As for my actual expenses, I religiously logged them using the app, TrabeePocket. No expense was spared – not even the €0.20 I paid for printing.

If you’re not traveling solo then you might want to consider the app, Splittr. It’s perfect for tracking those “Ikaw na muna magbayad.”/abono moments. :p

Again, this is not a sponsored post. I just find the app really useful.

Continue reading “Europe on a Budget: 4 Countries in 21 days for Less Than Php85k”

Calaguas: DIY Style

If you still want to go to Boracay Calaguas even after reading my post here, okay, fine. Here’s my take on going there DIY style. 

When’s the best time to go
Unless you’re on a suicide mission, obviously, not during the rainy season. The waves this side of Luzon is notoriously choppy even on dry months.
If you want to experience peace and quiet, better head there during weekdays.
How to go there
If you want to save yourself about 6 hours of land travel, you can fly to Naga which has the closest airport to Daet. Take note, though, that Daet is still 2 hours away.
By land, you can take Philtranco, DLTB or Superlines from either Cubao or Pasay. We took Philtranco’s 9:30 PM trip from Pasay and arrived at Talobatib Junction at around 5:00 am. Based from our research, Philtranco’s air conditioned bus trips from Pasay are 8:00 am, 8:00 pm, and 9:30 pm.
Depending on the driver, travel time can take anywhere between 7-8 hours.
There are actually two jumpoff points to get to Mahabang Buhangin: Vinzons and Paracale. Our jumpoff point was the latter since we already have a boatman.
As I mentioned, we got off Talobatib Junction and tricycle drivers quickly approached us. I don’t know whether we had a miscommunication or we got totally ripped off when we paid Php500.00 for two tricycles to take us to the market. I thought they said Php250.00 for two tricycles. Anyway, I’ll just charge it to experience.
NOTE: We took the 5:00 pm trip of Superlines from Daet to Cubao and we arrived at 2:45 am. While it was cheaper, the trip was an hour or more longer since there were lots of stopovers. 

What to bring

  • Buy your food, freshwater for drinking and cooking, ice, charcoal and other supplies from the market before heading to Mahabang Buhangin. There are small stores on the island, but they might not have what you need or items cost significantly higher.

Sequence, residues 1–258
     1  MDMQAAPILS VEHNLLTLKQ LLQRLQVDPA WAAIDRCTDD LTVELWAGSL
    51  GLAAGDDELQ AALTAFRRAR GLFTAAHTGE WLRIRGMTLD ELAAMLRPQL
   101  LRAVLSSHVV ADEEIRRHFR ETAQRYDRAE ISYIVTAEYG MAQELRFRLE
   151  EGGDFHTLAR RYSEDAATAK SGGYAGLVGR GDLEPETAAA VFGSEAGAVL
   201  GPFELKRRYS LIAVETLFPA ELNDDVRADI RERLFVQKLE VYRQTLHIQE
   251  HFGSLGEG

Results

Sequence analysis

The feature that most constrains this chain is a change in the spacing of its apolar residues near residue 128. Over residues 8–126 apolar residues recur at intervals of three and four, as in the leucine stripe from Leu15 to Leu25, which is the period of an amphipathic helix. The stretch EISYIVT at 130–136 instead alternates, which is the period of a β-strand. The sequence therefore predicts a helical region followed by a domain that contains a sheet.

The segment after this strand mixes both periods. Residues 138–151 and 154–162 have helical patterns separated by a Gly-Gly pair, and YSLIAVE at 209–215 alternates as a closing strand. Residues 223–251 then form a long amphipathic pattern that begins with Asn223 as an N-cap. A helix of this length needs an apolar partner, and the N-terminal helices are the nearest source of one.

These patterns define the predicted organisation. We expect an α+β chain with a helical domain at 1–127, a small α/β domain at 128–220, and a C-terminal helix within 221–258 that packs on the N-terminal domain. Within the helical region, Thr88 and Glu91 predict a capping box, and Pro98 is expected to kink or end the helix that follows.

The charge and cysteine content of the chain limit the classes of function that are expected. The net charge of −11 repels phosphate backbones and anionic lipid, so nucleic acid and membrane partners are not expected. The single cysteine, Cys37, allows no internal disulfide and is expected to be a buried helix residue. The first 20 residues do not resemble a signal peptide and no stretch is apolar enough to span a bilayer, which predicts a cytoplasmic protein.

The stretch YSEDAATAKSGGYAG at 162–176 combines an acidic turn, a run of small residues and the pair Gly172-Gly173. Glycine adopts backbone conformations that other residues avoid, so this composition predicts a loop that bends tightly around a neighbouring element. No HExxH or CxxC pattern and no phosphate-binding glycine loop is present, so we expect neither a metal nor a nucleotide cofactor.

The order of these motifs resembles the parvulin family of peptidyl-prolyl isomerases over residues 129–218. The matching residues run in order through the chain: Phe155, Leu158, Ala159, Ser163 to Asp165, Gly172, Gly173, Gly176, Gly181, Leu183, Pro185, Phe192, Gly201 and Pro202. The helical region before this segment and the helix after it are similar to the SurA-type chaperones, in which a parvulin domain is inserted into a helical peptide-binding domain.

• There are no accommodations on the island so bring your own tent to save on the cost of renting a cottage or tent there. You can actually sleep on the beach, like we did, but just to be safe in case it rains, we rented a tent for Php350.00 which can fit 4 pax.
  • Rain poncho
  • Bring your own cooking utensils and mess kits. Although our boatman was kind enough to lend us a grill, pot and even an ice container, we found that we should have brought our own chopping board, bigger knife/cleaver, food keeper (for the cooked food/leftover) and what have you.
  • Garbage bags – not only for your trash, but also to waterproof your things. And remember, practice the Leave No Trace principle.
  • Flashlight or headlamp
  • Insect repellent
  • Loose change to buy a bucket of pump water (Php10.00/bucket).
  • Goggles or snorkeling gear
NOTES:
  • You can have your meals cooked by one of the locals, but it can be expensive. e.g. Php100.00 for cooking rice.
  • There are different rates for ‘entrance’ and environmental fees depending on where you plan to stay. At the far left of Mahabang Buhangin (if you’re on the boat approaching the island) which they refer to as Giovanni’s, the fee is Php170.00 per head with unlimited use of pump water. On the far right where we camped, we only paid Php75.00 per head.

Who to contact

We highly recommend Mang Boy Camano: 0908-546-0683. He even lets his guests shower in their bathroom. You can also buy a 5 gallon freshwater and ice from their store at Php100.00 and Php3.00 per piece, respectively.

Photo credit: Endette Mendoza with our boatman, Mang Boy

 

Breakdown of expenses

Breakdown is based on an overnight stay with 7 pax splitting the expenses for the groceries, paluto and tent rental.